Although not a researcher myself, I do have pocket-protector and a bean-counter's certificate. I live in numbers daily. In our new information explosion, I have little tolerance for 'simply interesting' numbers. Interesting numbers could distract us all day... while we fail at our mission -- the Great Commission. But I find numbers extremely valuable when they're used as decision-support and symbols to drive us toward our goals... starkly measuring realities along the way and calling us to redouble our efforts. So let me sort out the apples and oranges a bit, and see if it doesn't form a much different picture about evangelicals amid transformation.

If our real objective is to level the playing field so we can make a head-to-head comparison -- and only compare the divorce-rate among MARRIED evangelicals vs. MARRIED non-evangelicals, then let's first find out who's MARRIED and even subject to divorce in the first place.

It's at that point that we realize from additional Barna numbers (Sept 2004) that evangelicals were appx 55% more likely to be married than their non-evangelical counterparts. (77% vs. 49%).

The effect of this clarification? [Is it obvious yet, you math wizards?]

77% of 14.6 million evangelicals = 11.2 million married evangelicals.
If 25% of all evangelicals are divorced, that's 3.7 million divorced evangelicals.
...which equals 33% of those eligible for divorce.

49% of the 194 million non-evangelicals =95 million married non-evangelicals.
If 25% of all non-evangelicals are divorced, that's 48.5 million divorced non-evangelicals.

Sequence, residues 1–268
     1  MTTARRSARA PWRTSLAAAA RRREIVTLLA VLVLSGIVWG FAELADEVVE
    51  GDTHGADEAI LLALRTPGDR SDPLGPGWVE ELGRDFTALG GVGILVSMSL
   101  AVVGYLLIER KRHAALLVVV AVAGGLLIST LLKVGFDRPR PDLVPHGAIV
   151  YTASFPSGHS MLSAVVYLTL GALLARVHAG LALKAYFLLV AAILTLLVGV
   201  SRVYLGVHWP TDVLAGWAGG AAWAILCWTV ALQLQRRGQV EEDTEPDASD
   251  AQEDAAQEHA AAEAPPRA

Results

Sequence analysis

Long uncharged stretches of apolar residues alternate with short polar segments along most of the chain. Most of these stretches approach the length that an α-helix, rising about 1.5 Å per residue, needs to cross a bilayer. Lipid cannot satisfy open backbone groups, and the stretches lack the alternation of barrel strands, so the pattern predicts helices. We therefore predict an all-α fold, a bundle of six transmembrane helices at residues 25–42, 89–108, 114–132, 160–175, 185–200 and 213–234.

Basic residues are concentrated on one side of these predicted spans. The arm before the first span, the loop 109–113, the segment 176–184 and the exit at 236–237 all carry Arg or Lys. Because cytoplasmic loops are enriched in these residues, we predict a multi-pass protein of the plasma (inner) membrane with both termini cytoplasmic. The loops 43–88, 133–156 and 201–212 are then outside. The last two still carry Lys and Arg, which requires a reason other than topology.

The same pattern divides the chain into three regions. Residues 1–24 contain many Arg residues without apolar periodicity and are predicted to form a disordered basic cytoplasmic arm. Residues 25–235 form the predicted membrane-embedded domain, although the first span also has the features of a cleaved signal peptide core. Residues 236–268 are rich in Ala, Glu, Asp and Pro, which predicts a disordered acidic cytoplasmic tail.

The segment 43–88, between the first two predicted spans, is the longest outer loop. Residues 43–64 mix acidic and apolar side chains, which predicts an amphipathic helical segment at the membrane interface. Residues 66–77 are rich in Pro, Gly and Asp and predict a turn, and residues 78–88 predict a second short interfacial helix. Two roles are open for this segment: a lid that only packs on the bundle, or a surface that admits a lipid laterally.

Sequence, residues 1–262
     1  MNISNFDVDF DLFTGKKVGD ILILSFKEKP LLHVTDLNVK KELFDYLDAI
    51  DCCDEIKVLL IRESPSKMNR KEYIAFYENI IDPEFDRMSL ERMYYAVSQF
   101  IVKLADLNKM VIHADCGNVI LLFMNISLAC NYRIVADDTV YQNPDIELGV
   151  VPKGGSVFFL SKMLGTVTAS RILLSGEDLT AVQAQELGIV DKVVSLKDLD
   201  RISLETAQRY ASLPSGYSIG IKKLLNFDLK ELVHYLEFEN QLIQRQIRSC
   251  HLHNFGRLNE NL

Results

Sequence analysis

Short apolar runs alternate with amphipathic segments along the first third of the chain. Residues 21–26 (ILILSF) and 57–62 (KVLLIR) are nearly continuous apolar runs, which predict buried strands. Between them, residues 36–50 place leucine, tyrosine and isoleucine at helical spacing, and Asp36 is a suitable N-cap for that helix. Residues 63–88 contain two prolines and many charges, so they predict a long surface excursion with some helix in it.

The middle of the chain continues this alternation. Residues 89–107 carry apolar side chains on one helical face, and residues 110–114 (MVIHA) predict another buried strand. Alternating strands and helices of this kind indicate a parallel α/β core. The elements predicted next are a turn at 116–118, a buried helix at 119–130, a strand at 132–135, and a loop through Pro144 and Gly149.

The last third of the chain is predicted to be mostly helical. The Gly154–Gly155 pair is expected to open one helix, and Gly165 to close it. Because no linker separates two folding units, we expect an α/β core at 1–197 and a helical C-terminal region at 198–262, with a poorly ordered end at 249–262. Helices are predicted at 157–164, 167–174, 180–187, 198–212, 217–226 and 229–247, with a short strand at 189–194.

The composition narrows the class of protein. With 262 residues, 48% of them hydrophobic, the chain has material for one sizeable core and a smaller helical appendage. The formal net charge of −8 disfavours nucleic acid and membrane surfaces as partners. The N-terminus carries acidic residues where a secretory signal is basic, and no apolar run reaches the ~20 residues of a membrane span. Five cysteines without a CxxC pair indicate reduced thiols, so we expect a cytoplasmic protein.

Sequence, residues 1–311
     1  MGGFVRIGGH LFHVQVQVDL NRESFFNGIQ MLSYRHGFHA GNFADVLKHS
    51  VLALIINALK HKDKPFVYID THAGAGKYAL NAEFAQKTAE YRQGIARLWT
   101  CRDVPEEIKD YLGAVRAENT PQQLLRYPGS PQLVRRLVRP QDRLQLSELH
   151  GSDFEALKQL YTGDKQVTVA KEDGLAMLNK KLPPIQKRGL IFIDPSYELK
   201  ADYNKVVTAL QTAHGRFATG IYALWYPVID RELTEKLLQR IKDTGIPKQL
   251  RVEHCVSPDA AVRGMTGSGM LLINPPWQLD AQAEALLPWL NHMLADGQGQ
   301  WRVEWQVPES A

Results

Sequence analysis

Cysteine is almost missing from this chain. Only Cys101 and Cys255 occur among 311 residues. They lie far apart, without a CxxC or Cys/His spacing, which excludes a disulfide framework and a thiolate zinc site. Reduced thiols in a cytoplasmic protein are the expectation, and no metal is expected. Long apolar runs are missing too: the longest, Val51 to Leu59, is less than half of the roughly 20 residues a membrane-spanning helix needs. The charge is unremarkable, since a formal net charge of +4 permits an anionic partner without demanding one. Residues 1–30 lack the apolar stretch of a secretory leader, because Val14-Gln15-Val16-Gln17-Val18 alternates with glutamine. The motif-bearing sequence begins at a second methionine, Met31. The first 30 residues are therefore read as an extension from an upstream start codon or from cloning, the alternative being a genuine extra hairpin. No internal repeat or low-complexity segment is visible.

... which equals 51% of those eligible for divorce.

Thus the now-obvious, head-to-head (51 to 33%) conclusion... In any given year...

Married non-evangelicals are 55% more likely to divorce than married evangelicals.

Transformation is objectively evidenced in the lives of (Barna) evangelicals.

But let's not get comfortable; even now seeing that Bible-believing evangelicals are 'distinguishably' different, Sider's point is well made... we're a long ways from being 'distinctively' different. And the Barna folks advised me that they believe new data will soon show the gap is even slimmer.

Bottom Line:

As we narrow the definitions and focus on those who read the Bible and take it at face-value, we start seeing evidence of transformation. If we want to see yet greater change in our lives & communities, then let's get out our Bible, read it more, study it more, and with more mature Christians who have read it more and studied it more. Begin & enjoy a personal relationship with the Savior found therein. Apply His teachings at face-value. As God intended, it will change the world, not to mention your eternal destiny.

"Faith comes by hearing and hearing by the Word of God."

"Do not conform any longer to the pattern of the world, but be transformed by the renewing of your mind. Then you will be able to test and approve what God's will is -- -- his good, pleasing and perfect will." [Romans 12]


Anonymous said...

1 Corinthians 11:23-32